The Night Shift

The crew is just starting their shift as daylight fades

“It’s in my blood and I love being able to taste the product and know I had a hand in it from grape to bottle.”

Fruit of the vine. Yum. I’m guilty of not really paying attention to what it takes to get a bottle of wine to my table. So I asked a prominent California Delta wine grape grower and vintner if I could tag along while they labored to bring in their crush-ready crop of pinot noir grapes.

As the freshly harvested fruit is conveyed to the hopper, the driver has a tricky job and eyes in the back of his head might help. He needs to keep a speed consistent with the harvester while navigating perfectly down the rows of vines.

For several fall harvest seasons I’ve been wanting to chase the odd looking machines that trundle up and down rows of wine grapes in the California Delta starting in early evening. The Clarksburg area, just south of Sacramento, has a state-wide reputation, and beyond, for the quality and variety of grapes and wines produced there. It’s a part of the Delta that I wander from time to time and when I see these unusual machines on rolling stilts at dusk, headlights blazing, I’ve made mental notes to ask permission to ride along. Unfortunately mental notes aren’t worth the paper they’re written on. But this season I say to myself, if not now when?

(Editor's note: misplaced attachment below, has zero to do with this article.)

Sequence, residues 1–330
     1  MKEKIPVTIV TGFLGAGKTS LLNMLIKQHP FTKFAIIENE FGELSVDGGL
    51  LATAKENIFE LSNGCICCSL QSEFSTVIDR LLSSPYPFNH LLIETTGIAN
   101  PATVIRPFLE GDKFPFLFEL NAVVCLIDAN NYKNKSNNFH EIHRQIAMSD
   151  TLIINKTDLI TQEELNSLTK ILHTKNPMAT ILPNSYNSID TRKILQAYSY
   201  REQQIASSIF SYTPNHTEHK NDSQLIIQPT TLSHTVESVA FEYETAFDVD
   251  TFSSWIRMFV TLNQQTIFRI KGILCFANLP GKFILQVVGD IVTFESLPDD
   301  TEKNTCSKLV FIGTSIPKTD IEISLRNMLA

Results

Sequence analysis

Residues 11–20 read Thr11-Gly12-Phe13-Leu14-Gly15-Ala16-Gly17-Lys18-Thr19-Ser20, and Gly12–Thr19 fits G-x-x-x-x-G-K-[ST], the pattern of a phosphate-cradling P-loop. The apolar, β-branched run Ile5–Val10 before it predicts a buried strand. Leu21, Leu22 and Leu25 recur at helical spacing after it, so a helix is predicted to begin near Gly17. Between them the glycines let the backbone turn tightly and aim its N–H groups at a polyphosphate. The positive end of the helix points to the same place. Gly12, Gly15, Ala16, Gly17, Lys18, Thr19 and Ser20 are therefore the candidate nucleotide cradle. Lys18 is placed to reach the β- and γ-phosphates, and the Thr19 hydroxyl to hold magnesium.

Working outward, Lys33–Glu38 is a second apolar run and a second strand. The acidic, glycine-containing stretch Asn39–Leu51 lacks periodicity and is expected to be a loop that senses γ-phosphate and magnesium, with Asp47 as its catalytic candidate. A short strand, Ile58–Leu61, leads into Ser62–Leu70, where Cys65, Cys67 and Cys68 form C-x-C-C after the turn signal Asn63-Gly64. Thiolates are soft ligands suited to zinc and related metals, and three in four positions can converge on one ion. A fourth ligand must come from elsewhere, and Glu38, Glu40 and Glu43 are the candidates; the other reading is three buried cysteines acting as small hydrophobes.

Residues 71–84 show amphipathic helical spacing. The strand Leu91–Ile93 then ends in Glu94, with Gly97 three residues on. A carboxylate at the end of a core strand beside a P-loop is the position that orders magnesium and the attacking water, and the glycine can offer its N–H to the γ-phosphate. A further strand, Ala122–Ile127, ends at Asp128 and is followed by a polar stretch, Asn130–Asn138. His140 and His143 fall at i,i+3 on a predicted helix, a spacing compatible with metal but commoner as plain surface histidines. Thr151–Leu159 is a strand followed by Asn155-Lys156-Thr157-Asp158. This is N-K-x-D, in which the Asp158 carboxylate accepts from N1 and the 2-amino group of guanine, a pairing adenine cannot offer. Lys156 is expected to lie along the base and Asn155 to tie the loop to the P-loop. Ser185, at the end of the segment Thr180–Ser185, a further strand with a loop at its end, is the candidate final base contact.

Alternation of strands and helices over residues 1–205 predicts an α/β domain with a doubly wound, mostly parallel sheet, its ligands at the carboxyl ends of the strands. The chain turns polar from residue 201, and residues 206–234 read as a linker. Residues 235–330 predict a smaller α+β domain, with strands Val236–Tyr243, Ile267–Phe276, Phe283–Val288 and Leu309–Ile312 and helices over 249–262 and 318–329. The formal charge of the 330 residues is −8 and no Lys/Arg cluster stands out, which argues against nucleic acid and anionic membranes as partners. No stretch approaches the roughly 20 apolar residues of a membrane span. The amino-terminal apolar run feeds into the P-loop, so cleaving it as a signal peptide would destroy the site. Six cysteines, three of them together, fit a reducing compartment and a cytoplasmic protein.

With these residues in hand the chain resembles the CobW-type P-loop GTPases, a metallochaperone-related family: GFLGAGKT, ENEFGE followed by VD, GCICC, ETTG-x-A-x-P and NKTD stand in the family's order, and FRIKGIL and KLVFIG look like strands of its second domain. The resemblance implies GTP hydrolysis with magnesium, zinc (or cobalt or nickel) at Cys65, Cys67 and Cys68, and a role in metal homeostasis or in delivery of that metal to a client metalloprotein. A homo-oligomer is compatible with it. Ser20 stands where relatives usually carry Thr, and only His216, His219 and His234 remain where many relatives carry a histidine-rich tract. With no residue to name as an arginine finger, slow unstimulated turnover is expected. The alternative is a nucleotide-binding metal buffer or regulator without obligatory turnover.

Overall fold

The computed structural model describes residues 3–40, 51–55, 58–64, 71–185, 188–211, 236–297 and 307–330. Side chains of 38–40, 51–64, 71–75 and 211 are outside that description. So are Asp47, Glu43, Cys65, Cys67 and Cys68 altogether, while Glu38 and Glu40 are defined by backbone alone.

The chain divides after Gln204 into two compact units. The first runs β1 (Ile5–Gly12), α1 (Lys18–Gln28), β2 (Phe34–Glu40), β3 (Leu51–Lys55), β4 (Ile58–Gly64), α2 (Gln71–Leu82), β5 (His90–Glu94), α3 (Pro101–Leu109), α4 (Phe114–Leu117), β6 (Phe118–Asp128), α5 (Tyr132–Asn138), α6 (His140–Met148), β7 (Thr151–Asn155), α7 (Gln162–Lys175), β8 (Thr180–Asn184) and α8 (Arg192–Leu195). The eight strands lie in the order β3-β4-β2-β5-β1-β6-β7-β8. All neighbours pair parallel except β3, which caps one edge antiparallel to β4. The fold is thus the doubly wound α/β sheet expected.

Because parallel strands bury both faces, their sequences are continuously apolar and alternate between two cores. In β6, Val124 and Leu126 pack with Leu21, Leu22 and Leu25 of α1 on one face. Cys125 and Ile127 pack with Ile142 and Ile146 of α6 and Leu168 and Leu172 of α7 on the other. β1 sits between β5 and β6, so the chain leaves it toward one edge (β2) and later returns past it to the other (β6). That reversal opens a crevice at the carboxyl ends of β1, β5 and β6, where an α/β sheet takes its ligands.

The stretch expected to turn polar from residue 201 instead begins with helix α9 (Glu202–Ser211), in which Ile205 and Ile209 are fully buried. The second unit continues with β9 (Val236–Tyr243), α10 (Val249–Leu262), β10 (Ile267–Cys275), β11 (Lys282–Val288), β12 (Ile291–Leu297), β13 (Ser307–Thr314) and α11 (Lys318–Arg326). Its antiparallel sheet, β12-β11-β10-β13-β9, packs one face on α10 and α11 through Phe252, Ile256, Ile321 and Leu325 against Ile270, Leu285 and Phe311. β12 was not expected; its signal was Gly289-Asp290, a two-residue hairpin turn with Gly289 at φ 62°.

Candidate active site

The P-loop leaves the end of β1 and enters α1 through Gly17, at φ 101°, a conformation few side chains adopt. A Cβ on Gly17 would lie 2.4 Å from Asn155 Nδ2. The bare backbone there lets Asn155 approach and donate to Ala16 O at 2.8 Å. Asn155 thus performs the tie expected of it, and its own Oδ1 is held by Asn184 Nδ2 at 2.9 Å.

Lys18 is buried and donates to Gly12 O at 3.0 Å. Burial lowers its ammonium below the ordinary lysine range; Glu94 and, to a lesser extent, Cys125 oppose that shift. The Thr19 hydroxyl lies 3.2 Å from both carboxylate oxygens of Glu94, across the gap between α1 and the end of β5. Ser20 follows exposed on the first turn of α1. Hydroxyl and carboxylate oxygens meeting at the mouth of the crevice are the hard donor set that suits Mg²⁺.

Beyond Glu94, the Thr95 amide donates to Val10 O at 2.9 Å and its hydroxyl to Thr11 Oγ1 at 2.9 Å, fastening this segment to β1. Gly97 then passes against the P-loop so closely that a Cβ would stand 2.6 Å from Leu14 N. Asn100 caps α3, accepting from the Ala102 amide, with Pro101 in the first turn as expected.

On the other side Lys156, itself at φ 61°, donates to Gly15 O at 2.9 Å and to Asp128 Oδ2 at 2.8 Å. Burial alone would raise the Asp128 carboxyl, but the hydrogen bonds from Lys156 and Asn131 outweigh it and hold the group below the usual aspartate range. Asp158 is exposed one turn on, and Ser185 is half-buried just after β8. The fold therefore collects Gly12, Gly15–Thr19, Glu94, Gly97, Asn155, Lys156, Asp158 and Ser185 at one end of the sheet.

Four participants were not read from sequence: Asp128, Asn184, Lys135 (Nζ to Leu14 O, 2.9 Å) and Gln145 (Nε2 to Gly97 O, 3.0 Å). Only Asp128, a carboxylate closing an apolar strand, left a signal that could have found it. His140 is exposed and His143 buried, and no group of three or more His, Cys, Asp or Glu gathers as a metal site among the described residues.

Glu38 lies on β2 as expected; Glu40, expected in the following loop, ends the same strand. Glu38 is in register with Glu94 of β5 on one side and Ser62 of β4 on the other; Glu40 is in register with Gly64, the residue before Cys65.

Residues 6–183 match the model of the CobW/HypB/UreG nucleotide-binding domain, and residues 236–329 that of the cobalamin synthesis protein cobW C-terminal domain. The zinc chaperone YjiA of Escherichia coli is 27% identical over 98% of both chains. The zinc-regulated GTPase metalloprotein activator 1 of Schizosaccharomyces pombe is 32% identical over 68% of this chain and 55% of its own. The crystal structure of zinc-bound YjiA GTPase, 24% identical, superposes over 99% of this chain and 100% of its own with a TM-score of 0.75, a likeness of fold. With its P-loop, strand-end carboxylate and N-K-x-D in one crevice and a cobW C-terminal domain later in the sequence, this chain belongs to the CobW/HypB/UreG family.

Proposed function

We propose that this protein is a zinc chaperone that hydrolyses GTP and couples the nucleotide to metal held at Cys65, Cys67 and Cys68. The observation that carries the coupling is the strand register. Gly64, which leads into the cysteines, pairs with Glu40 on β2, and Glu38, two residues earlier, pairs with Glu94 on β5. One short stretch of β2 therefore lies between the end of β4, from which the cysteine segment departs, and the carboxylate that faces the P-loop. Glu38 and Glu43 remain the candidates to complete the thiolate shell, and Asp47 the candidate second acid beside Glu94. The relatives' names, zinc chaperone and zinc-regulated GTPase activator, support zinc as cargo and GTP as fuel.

Office with a View – This harvester operator cannot pay attention to the beautiful sunset happening above and behind him while he keeps a constant speed and tracks perfectly down the rows.

When most of us are just ending our work day, as the lingering heat of late fall begins to cool with the setting of the sun, wine grape growers are just beginning theirs. Warren Bogle, President and Vineyard Director of Bogle Vineyards, was kind enough to allow me to watch and photograph what they do after dark. He tells me they’ve been harvesting at night since the early 1970’s and there are several reasons for this. 1) The fruit is easier to handle for the mechanical harvesters, it seems the grapes fall off the vines more readily, improving the yield. 2) When the grapes cool after a long hot day their sugar content is more stable. 3) The acid level is better and there is less chance of spoilage. 4) There is an added bonus; the workers are happier working in the cooler temperatures of the night air as opposed to the nearly 100 degrees that is usually prevalent at the time of harvest.

Before the grapes reach the top of the harvester sticks and leaves have been mostly picked out by two other crew members below. Here, the few bits were previously missed are picked out before the grapes reach the hopper.

Let me add one more benefit, one I’m sure the growers never considered – high noon is not my favorite time of day to be making pictures, regardless of season. Sounds like a winning scenario all the way around to me.